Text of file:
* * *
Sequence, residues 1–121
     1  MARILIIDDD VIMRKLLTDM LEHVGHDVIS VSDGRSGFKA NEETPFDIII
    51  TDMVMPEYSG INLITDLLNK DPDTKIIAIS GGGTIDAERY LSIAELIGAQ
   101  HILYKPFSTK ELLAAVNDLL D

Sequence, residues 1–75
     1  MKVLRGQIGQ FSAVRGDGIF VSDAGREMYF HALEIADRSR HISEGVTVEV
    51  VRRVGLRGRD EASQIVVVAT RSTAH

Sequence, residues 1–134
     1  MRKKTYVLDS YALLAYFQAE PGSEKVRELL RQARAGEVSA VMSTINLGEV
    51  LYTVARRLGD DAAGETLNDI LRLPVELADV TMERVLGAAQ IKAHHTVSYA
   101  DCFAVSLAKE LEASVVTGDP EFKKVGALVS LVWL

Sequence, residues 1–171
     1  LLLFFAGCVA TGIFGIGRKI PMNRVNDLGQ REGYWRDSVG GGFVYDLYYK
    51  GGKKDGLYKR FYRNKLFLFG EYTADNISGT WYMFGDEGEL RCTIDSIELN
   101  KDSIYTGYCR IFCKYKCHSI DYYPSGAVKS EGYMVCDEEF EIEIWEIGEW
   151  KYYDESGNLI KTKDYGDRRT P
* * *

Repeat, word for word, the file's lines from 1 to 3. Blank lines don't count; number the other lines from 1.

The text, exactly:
Sequence, residues 1–121
     1  MARILIIDDD VIMRKLLTDM LEHVGHDVIS VSDGRSGFKA NEETPFDIII
    51  TDMVMPEYSG INLITDLLNK DPDTKIIAIS GGGTIDAERY LSIAELIGAQ